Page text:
Patten told prosecutors that he worked with Kilimnik to help Lovochkin route the illegal donation to Trump’s inauguration. As a result of the donation, four tickets to Trump’s festivities were allocated to the three men and another Ukrainian; prosecutors said Lovochkin attended the event with Patten. Prosecutors do not say whether Kilimnik attended.
Patten also agreed that he misled the Senate Intelligence Committee when he testified before the panel in January.
Kilimnik did not respond to a request for comment from The Washington Post. Lovochkin’s office said he attended the inauguration but didn’t make the $50,000 payment.
Patten appeared in front of U.S. District Judge Amy Berman Jackson on Friday with his attorney, Stuart A. Sears. After surrendering his passport, he was released on his own recognizance pending sentencing.
In a plea agreement read aloud by the judge, Patten agreed to cooperate in exchange for a government recommendation of leniency at sentencing. The plea deal filed in court shows that he has agreed to assist Mueller as well as the D.C. prosecutors who filed the case against him. The charge carries a maximum penalty of five years in prison, but both sides agreed there is no recommended sentence under federal guidelines.
Andrew Weissmann, a lawyer on Mueller’s team who has been leading the Manafort prosecution, was present in court when Patten pleaded guilty. He declined to comment after the hearing.
Rudolph W. Giuliani, the former New York mayor now serving as Trump’s personal attorney, played down the importance of the Patten case in a statement Friday.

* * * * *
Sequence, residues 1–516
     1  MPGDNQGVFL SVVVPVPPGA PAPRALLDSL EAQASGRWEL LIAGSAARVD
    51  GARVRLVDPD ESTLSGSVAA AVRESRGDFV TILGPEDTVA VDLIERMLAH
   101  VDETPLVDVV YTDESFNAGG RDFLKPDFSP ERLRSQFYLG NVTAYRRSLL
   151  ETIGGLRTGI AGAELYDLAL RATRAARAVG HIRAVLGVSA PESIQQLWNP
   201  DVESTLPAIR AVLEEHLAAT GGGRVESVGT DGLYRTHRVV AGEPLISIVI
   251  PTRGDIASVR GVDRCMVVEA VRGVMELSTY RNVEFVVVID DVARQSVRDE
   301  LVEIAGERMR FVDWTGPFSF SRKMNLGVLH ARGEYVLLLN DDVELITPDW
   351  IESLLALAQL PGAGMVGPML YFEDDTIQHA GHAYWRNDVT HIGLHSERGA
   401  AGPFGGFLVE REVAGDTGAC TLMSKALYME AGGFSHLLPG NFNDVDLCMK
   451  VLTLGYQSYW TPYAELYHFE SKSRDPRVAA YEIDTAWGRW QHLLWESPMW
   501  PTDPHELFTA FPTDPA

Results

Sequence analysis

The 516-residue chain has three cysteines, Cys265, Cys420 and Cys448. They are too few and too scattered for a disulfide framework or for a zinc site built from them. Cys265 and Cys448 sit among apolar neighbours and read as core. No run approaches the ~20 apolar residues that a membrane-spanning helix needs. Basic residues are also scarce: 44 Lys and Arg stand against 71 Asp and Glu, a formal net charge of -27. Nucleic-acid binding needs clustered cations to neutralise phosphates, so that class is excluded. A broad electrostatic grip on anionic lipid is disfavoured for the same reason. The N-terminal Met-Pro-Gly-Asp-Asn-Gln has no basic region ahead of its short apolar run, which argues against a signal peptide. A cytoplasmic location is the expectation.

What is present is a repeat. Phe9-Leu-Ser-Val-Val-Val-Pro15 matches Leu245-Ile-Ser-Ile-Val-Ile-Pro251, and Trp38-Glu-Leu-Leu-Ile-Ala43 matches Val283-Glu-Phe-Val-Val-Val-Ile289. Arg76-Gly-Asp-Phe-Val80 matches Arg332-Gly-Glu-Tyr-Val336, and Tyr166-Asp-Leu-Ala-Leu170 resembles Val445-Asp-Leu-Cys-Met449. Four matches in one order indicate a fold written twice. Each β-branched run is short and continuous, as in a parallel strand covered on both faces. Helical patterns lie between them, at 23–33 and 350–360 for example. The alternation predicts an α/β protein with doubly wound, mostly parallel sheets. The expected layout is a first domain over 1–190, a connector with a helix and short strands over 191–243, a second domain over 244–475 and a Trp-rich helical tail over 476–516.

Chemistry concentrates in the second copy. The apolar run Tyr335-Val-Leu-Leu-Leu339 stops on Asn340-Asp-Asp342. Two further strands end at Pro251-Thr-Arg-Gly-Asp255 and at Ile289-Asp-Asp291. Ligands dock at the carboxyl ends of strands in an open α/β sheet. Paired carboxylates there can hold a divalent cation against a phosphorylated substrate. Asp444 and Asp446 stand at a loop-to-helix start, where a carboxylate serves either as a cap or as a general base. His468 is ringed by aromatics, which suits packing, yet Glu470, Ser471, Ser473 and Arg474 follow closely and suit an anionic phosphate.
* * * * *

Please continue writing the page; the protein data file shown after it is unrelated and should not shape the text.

“This convinces me more than anything that Mueller needs to close up shop,” Giuliani said. “Next thing he’ll do is parking tickets in Russia. Trump has no idea who these contributors are. If these are illegal contributors, I had a hundred of them. Obama had a thousand. We have no idea who these contributors are.”
Mueller has been referring to other prosecutors cases that do not appear to directly relate to his core mission of exploring Trump campaign contacts with Russia. His team referred an investigation of Ukraine political work by two other Manafort associates, lobbyists Tony Podesta and Vin Weber, to prosecutors in New York.
Manafort, 69, has pleaded not guilty to all charges in the Washington case, which relates to his political work and alleged attempts to hide income from 2006 to 2017. Prosecutors allege that during that time, he laundered $30 million as a consultant for pro-Russian politicians in Ukraine. The trial in that case is set to start Sept. 24
Patten has a varied résumé. He worked in the oil sector in Kazakhstan in the mid-to-late 1990s and served as Maine campaign director for George W. Bush’s 2000 presidential campaign. He also briefly worked at the State Department under Bush and worked as a political consultant in Iraq assisting officials there in the post-Saddam Hussein period.